Philip Adams: We were to have a very solemn and serious discussion on life on Mars but our next guest or our proposed, hypothetical guest had to dodge a Russian spacecraft which was re-entering our atmosphere so what were we to do?
Well it so happens that I have about my person a tape we recorded when I was ill a few weeks ago – iller (sic) than I am now – so we’re going to pop it in. It’s also on the night of course when the Nine Network, to their eternal discredit, are re-running or running yet again a story about Eric Von Daniken, that silly little person I thought we’d crushed like a bug 20 years ago.
So what we’re doing tonight is we’re going to look at the very popular theories in America about this alleged massive cover-up by the United States government following the crash of a quote alien spacecraft in New Mexico desert in 1947. It’s become known as the Roswell Incident, and occupies a huge amount of time on the internet.
Now, we’re going to look also at the question of “bodily abductions” that seem to happen to every second American, and I’m joined by Professor John Mack who won a Pulitzer Prize in his heyday. He’s senior lecturer in Psychiatry at Harvard Medical School and is now notorious as the author of Abduction, a book that tries to make sense of the phenomena of alien abduction – well, that’s what he believes it does – and he was joined in the studio by Canadian scientist Stanton T. Friedman, who’s a lecturer in the area and for forty years has been wandering around looking at UFOs, and he’s the author of Top Secret: MAJIC.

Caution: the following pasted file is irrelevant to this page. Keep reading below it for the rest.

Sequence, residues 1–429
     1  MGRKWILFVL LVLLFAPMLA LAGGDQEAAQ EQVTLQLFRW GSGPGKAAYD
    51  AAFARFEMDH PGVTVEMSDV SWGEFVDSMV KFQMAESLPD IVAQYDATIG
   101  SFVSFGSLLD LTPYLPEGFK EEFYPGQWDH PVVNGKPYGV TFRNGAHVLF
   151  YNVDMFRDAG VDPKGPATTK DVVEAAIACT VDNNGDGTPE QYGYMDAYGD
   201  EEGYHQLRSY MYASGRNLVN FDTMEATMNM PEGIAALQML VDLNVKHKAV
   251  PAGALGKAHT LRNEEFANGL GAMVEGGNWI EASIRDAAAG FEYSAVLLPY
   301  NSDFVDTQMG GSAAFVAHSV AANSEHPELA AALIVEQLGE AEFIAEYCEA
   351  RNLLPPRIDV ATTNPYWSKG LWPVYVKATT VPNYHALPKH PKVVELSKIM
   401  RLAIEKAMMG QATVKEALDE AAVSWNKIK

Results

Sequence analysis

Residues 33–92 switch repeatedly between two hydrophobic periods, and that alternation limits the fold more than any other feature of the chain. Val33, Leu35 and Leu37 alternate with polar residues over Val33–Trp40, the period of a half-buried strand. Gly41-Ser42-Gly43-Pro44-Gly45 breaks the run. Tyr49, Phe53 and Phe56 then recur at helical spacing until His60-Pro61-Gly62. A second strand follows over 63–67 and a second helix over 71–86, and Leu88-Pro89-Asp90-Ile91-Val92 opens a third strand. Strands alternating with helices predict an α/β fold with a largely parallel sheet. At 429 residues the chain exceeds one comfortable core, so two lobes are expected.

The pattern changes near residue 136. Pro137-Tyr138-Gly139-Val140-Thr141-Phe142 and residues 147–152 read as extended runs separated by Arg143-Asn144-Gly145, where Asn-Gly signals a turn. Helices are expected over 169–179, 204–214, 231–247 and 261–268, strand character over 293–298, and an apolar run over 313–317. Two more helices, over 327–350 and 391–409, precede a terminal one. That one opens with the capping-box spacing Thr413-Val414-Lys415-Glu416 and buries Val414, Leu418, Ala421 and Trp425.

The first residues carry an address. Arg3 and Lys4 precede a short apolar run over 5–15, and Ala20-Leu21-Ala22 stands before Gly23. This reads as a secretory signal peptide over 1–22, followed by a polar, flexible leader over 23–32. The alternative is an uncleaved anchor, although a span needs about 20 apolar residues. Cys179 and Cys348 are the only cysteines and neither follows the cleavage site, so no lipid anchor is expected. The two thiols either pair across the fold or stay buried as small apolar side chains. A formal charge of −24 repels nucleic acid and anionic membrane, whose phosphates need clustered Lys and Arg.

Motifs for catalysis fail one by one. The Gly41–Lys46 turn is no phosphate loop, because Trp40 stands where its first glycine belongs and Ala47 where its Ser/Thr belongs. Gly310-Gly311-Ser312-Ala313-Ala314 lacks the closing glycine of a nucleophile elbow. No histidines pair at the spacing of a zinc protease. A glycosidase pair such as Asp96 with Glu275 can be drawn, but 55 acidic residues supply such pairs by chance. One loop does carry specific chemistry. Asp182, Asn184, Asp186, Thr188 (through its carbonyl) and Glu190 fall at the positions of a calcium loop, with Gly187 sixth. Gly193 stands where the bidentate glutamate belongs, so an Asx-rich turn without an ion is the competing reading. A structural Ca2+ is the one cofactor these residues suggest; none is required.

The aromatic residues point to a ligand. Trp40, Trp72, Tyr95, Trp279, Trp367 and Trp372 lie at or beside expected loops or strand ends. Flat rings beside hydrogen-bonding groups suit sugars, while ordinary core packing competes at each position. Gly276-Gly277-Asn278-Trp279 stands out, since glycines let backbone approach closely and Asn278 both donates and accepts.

Now I begin the chat by saying to John Mack that clearly, America is besotted by round things that spin. UFOs, yo-yos, hula-hoops, Frisbees, and I wondered what it was in the American psyche that made them so susceptible to this sort of mass marketing. What is there in the American psyche that makes Americans such enthusiasts for nonsense?
[Playback of pre-recorded interview begins]
John Mack: Well you have to start by looking at what’s going on with the phenomenon itself. Now, something’s happening here. There are some objects in the sky that people call UFOs that have been recognized intensely since 1947 and may have been around for centuries before that.
PA: No, John. My question is why is it that America seems to be nexus for the phenomena?
JM: Well it’s possible that there is a certain kind of technological level of consciousness reached in America so that it can receive and be interested in this phenomenon where other cultures may not, but, the phenomenon is of great interest all over the world now. What we’ve found here in Australia is an intense interest. I’m not sure I fully accept that this is somehow an American passion different from what I’ve found in England or what I’ve found in Germany. It’s even more in…
PA: The world is interested but most of the activity seems to be US based, now for instance.
Stanton Friedman: When I was in France it was clear in dealing with a number of academics there they were afraid to say anything publicly, because they were afraid they’d lose their job. We have a different attitude in the United States, although John can say that sometimes you’re in danger of losing your job for speaking out, about…